Incurably Curious

Nancy Boys Are Everywhere

Meterosexual ManHistorically, I’ve always gone for effeminate blokes: tall, skinny types with long eyelashes and perfectly-coiffed hair. The kind of boys that would cause my mother to ask whether I was in denial about being gay whenever she came back from a dinner party or a night on the sauce (“It’s not that I have a problem with lesbians, darling, I just don’t want you to be one!”)

To be fair, there wasn’t a whole lot of variety on offer when I was a teenager. I went to an all-girls grammar school, and the only prey potential boyfriends in sight were the gangling youth at the all-boys school opposite, which was teeming with the academic offspring of the Buckinghamshire middle-class. Girls who went in for the grunting Neanderthals that made our mothers and grandmothers go weak at the knees – built like a bison and hairier than a Wookie, the kind who won’t watch Titanic or eat salad or wear anything but a T-shirt in any weather because feelings/lettuce/sweaters are for sissies – had to look elsewhere.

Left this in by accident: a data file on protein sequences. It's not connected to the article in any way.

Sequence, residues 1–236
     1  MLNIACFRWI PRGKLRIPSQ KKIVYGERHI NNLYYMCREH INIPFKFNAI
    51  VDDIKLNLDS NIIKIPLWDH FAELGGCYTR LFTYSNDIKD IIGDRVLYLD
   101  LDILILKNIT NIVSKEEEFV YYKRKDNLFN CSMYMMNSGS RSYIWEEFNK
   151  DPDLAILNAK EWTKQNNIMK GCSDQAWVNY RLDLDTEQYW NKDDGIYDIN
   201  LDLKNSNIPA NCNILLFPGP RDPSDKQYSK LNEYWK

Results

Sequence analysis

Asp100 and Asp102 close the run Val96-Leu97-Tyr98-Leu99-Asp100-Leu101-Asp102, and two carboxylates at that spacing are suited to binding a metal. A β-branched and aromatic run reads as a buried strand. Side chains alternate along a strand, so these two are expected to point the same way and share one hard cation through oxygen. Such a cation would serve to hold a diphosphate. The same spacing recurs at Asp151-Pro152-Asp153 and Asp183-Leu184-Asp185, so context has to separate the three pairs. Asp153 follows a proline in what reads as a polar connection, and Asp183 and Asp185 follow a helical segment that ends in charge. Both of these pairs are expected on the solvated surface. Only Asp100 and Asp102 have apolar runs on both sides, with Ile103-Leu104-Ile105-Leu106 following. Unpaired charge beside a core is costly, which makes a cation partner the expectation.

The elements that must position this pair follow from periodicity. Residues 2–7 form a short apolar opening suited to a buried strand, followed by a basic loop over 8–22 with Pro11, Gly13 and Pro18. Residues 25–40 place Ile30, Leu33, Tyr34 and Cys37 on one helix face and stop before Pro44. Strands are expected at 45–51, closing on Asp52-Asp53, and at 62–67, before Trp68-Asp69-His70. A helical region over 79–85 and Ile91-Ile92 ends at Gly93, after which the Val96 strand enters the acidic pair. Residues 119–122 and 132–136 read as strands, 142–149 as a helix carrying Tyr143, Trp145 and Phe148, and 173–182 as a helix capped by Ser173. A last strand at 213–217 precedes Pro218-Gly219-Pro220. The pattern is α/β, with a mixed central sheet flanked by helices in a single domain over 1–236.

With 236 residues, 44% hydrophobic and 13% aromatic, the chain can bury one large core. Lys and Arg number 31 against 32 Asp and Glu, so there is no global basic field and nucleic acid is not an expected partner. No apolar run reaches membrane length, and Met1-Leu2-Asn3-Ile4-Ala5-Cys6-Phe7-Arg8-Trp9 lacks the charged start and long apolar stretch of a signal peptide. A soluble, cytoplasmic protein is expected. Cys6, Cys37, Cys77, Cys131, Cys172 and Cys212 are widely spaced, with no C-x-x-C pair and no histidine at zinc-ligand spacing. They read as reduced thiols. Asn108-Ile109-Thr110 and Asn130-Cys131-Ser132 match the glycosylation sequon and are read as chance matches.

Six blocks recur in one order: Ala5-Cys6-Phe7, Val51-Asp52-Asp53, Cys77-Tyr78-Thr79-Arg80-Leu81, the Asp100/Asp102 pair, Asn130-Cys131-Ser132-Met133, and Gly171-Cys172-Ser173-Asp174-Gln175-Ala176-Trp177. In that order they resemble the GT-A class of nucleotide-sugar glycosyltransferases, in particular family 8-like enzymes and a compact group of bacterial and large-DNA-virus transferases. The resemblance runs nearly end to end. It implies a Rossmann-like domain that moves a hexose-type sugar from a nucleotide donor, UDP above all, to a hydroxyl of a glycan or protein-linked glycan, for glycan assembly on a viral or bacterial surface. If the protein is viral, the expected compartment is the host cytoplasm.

Personally, I blame the mums.

The classic archetype of the blood-thirsty, overprotective father figures strapping chastity belts to his daughters has given way to pushy, doting mothers and clingy, over-sensitive sons. The result is an epidemic of mummies’ boys. I’m not talking men who can be replied upon to remember their mothers’ birthdays, I mean the ones that practically have to be prised away from their mothers’ teat before you can get them down the pub. I have a very good friend whose ex, Boring Tom, once spent the afternoon sat on his mother’s lap being essentially cuddled. In front of her parents. (The final nail in the coffin was when she had to check the man-child’s tyre pressure for him because he didn’t know how to do it himself, nor had the initiative to Google it. Very embarrassing.)